The music has lived on since the early ‘60s and we’re in 2022. The music is still relevant today, still reaching people, and that’s how I’m able to contribute by telling these stories. I love that when people of color, when all people come to the show, but especially when we get to inspire people of color with us being pretty much an all-Black show. It’s incredible to tell these stories and to spread that love just like they did back then.

SB9: Now they say you are a throwback to the days of the charismatic live bands and legendary soul artistry. You mention about the ‘60s, to be on stage, to be in front of white audiences, crossing over was a big deal. How does your career affect the culture? As an artist, in the industry, we saw what happened to Ye and Kyrie. What is your take on it?

They were looked at as less than human, but as long as they were entertaining people, it was all good.

Herrell: Uhh, that is tough, man. I like the fact that what we are doing is a positive message that we are spreading. You know, one of the great things about doing this show is that it represents us and in a great way. You know, it’s Black excellence on that stage. When we look out in the audience, we see people of all ages and all races. You know, I love that we get a chance to represent that. That we get a chance to bring people to this legendary group, Motown and Black excellence. The fact that we get to promote that across the country is incredible. We brought this story to so many people and they get a chance to see our culture, some highlights of our culture. 

At the same time what I love about our show is that we get to keep it real at the same time. We show that in the ‘60s The Temptations were shot at. They were looked at as less than human. But as long as they were entertaining people, it was all good. But, when it comes to us being Black people, we still didn’t get that respect. Unfortunately that still happens today. It’s relevant today. But, in the same vein, we get a chance to entertain the people but also give them the message: 

Yes, we are real people – that outside of music we are still gaining. That The Temptations are real people that went through real things that are still relevant today. Luckily through our show we get a chance to spread that Love and also tell that message. At the end of the day, it’s all about Love for everybody. That for those two and a half hours we can all come together, get this message and have a great time. And still Love each other, because at the end of the day that’s what it’s all about.

SB9: I respect everything that you said. That the power of Love is uniting. It conquers hate. I thank you for taking on this role and reminding our community that we used to sing about Love even in the time of pain and suffering that we went through in this country. 

Harrell: Absolutely.

SB9: I hope that Black media, our musical talent remembers that. We know you been through some stuff, but let’s talk about the Love we have for each other to conquer hate and heal each other. Thank you Harrell Holmes Jr. for sharing your personal thoughts and career with SF Bay View. I look forward to seeing the play.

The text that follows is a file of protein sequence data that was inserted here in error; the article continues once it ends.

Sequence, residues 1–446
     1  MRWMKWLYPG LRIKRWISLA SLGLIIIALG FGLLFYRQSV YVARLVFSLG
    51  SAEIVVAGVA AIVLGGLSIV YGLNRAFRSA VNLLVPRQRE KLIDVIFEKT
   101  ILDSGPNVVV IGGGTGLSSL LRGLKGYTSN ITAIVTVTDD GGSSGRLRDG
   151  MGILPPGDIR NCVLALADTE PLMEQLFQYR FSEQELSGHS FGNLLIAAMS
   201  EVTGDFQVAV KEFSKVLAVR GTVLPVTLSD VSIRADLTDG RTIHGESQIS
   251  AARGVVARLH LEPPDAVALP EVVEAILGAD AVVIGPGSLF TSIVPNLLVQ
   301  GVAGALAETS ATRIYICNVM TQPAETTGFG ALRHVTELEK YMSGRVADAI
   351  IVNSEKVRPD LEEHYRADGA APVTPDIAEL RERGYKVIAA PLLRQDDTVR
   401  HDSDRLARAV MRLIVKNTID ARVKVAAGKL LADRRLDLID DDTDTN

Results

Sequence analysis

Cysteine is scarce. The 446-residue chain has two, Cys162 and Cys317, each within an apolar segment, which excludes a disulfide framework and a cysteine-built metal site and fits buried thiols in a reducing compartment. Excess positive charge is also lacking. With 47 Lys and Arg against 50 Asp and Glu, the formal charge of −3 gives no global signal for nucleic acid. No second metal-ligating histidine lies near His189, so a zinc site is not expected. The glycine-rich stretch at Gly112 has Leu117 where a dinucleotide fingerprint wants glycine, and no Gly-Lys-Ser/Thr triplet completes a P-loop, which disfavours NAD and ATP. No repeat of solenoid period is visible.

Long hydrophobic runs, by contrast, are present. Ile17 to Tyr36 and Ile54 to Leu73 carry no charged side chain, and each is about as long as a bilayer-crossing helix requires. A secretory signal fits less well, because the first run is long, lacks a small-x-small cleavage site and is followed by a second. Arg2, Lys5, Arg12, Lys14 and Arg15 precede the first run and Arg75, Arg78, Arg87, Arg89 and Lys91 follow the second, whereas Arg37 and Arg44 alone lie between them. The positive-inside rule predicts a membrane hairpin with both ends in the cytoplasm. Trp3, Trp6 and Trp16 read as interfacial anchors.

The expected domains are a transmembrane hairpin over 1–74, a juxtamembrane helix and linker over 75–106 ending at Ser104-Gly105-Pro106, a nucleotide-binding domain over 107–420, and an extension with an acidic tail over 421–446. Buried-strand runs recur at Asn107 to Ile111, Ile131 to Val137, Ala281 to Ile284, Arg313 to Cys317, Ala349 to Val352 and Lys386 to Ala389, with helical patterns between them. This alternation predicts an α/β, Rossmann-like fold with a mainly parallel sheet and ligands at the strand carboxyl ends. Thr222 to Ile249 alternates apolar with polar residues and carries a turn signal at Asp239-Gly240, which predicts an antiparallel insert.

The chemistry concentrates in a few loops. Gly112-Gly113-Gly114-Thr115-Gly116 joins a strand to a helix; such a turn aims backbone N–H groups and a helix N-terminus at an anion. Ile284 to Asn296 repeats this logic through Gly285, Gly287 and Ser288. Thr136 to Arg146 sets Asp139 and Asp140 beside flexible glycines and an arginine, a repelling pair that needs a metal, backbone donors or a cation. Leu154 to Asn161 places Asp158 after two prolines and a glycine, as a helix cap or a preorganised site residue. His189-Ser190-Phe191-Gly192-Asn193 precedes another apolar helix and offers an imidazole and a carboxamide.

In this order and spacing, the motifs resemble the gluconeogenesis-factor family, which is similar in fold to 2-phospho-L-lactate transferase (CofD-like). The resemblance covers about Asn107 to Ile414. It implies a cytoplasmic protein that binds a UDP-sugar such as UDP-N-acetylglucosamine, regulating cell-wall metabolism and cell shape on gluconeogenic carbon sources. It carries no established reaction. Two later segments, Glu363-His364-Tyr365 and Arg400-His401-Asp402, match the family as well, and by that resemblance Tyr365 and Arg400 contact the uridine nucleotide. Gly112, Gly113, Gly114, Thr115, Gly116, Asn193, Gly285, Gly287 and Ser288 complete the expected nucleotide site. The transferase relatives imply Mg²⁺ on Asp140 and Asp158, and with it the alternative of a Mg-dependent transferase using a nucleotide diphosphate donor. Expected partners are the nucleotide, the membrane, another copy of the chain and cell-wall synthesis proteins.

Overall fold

Harrell: Thank you so much for having me. Thank you for the great questions, man. Those were thought provoking questions and I appreciate that. Continue the work that you’re doing on the activist side. We are really activists in our own way, I believe, as artists. We have a responsibility to bring joy and make someone smile. The one thing about this show is they get all of those things; it’s full of great music, happy songs. The Temptations are known for crossing over like you said. One thing I like about this play is we get to dive into most people and we touch on those topics. We are humans at the end of the day and want to be viewed as such. We differently need it to show that report out there. Thank you for having me. 

SB9: God bless and peace.

Harrell: Peace.

I did get those tickets from Charlie. I was dressed to the 9s like the bad and bougie soul brotha I am catching a musical at the Golden Gate Theater. Harrell is a triple threat from American Musical Dramatic Academy. This is his tour debut and he blew the packed house away with his depth of acting, singing and dancing. His character, the legendary Melvin Franklin, was the voice of reason. He sided with Otis “when he’s right.” 

“Ain’t Too Proud” shows it all. It deals with living your dream, crooked managers, jealousy, leadership, vision and racist America. We can glean a lesson or two from this musical and be thoroughly entertained. I won’t give much of it away, but Harrell and the cast truly embodied the Motown era of R&B with the soul of the legends. Being a Temp could mean temporary, but for me it meant the temperature was hot! Who didn’t want to be a Temptation? They were soul brothas and Harrell has a bright future ahead. Come visit us at the Bay View next time you’re in San Francisco, Harrell. Thanks for sharing your talents with the community.

William Palmer, Editor in Chief of the San Francisco Bay View National Black Newspaper, is an advocate for juvenile justice, holistic reentry expert and a social engineer. He can be reached at